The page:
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Home » This Kentucky weekly isn’t shying away from covering its county’s shocking drug problem

This Kentucky weekly isn’t shying away from covering its county’s shocking drug problem

“She is hard-nosed and soft-hearted,” Al Cross, the Director of the Institute for Rural Journalism and Community Issues told Poynter. Cross is a professor, a lifelong Kentucky journalist and an advocate for rural journalism. Poynter heard about The Adair Community Voice’s reporting on opioids from Cross’s widely regarded Rural Blog. Cross said that in his more than 40 years of Kentucky journalism experience, he has never seen anything like the work that Burton is doing for her community.

“Weeklies don’t like to cover this topic — it reflects poorly on the community,” Cross explained. “When they cover stuff like this it is only from a criminal justice point of view. It is a health story. It’s a community well-being story. It is the kind of thing communities ought to work together to solve.”

Cross said that when news organizations only cover addictions when a case comes to court, it stigmatizes the issue.

“Community newspapers need to step up … to bring awareness to the problems, not sweep them under the rug,” he said.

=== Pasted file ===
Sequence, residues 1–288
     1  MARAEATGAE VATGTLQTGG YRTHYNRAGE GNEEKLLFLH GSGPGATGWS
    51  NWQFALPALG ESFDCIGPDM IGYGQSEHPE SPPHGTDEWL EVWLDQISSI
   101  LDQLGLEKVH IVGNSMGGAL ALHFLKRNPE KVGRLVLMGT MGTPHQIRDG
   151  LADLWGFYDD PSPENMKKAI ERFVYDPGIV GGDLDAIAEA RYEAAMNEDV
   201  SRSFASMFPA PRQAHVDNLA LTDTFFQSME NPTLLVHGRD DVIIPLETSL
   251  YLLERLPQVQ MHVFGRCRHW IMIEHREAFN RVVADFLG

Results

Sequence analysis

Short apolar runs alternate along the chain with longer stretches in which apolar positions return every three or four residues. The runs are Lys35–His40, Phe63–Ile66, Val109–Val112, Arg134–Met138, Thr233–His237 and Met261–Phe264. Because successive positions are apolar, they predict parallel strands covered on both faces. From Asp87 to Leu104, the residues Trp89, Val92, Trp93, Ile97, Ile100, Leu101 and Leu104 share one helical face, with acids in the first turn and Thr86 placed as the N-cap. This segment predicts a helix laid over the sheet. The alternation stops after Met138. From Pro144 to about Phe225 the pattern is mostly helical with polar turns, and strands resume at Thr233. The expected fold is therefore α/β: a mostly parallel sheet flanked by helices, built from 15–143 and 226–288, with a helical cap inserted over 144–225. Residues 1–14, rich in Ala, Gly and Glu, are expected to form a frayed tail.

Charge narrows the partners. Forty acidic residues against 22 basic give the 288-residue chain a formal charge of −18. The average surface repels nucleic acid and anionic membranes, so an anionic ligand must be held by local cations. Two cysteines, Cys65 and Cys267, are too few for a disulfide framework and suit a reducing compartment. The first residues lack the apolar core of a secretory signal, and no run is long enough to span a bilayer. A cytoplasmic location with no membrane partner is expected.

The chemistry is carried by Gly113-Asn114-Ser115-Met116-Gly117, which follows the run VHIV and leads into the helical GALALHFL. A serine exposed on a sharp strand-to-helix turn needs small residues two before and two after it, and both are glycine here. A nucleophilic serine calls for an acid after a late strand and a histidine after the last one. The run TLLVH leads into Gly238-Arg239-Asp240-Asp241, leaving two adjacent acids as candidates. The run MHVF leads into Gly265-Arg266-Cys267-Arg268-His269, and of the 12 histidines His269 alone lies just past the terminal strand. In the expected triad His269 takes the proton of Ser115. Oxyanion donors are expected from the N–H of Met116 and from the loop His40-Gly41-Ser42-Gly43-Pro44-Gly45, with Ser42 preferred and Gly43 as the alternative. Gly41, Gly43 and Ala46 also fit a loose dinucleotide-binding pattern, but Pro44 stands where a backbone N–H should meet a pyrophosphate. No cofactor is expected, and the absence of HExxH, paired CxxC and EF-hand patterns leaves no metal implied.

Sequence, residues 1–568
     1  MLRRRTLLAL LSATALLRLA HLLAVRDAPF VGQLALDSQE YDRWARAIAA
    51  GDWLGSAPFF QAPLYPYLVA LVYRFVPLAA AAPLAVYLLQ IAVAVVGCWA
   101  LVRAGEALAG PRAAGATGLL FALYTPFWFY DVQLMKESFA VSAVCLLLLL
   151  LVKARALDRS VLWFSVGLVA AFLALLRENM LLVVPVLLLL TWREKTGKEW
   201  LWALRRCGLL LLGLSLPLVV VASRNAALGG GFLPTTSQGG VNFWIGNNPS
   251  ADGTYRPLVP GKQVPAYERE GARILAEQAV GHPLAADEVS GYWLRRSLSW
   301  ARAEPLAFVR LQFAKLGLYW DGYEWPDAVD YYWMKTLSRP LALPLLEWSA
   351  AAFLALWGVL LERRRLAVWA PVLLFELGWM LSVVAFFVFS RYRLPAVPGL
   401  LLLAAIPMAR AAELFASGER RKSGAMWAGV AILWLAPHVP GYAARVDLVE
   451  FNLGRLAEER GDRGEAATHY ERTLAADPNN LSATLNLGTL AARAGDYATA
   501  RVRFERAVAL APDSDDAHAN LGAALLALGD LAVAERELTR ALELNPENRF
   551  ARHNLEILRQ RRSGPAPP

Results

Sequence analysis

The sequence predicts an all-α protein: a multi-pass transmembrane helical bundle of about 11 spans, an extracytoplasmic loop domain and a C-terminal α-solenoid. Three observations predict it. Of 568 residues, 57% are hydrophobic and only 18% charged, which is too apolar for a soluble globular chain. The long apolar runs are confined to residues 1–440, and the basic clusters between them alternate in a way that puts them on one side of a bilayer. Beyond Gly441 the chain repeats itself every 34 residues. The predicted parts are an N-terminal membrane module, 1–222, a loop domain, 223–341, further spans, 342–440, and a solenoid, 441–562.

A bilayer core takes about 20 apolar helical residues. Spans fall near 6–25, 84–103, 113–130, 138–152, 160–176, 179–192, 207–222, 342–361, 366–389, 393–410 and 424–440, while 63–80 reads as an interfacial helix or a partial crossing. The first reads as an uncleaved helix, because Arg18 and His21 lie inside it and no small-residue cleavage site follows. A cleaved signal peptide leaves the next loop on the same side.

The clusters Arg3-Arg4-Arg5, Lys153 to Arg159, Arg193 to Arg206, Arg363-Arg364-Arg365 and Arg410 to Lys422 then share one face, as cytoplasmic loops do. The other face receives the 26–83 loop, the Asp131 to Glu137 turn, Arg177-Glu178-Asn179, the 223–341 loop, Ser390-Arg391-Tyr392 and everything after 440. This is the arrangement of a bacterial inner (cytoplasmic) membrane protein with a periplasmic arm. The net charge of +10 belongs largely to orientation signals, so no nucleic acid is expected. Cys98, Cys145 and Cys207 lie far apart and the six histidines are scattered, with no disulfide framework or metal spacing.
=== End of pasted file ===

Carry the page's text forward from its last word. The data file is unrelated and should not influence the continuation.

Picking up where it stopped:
Burton agreed.

“This is the elephant in the room. It is here and it is something we have to, we will discuss,” she said. “For people who are thinking, ‘Hey, you are writing a bunch of negative stuff about our town,’ I say it is because we love our town.”

Burton said the notion that small-town advertisers won’t buy ads in a newspaper that covers controversy isn’t true. “We do real news because people want real news,” she said.

She said a local doctor wrote a guest column last week giving a physician’s point of view.

“I think she felt I was being too critical of the medical community’s involvement in the opioid story. I am critical of the medical community and I am also glad to include that doctor’s point of view,” Burton said. But, “We have gotten more positive reaction to this than anything we have done in a long time, maybe since I suggested in an editorial that we needed less government and should consolidate city and county governments. That drew some reaction alright.”

Burton writes about 80 percent of the news content for the paper each week. In December, she explored her county’s needle exchange program, which has drawn “a fair amount of criticism,” she said. It’s the stunning details of what the exchange program has learned that helped her and her readers understand the depth of the crisis.

“Of 1,135 clients in the district who self-reported, a total of 420 needle exchange participants (37%) reported injecting drugs at least nine times a daily. Another 339 reported using six to eight times daily and 270 reported using at least three to five times daily. A total of 317 clients reported testing positive for hepatitis C,” which is prevalent among IV drug users.

Last week, Burton asked the needle exchange program to allow her to walk in and ask for needles and to participate in the conversations that a person with an addiction would undergo.

“I wanted to know what it would feel like just to ask for needles so I would know what it feels like to say you want a product to use because you are addicted and need to stick needles in your arm.”

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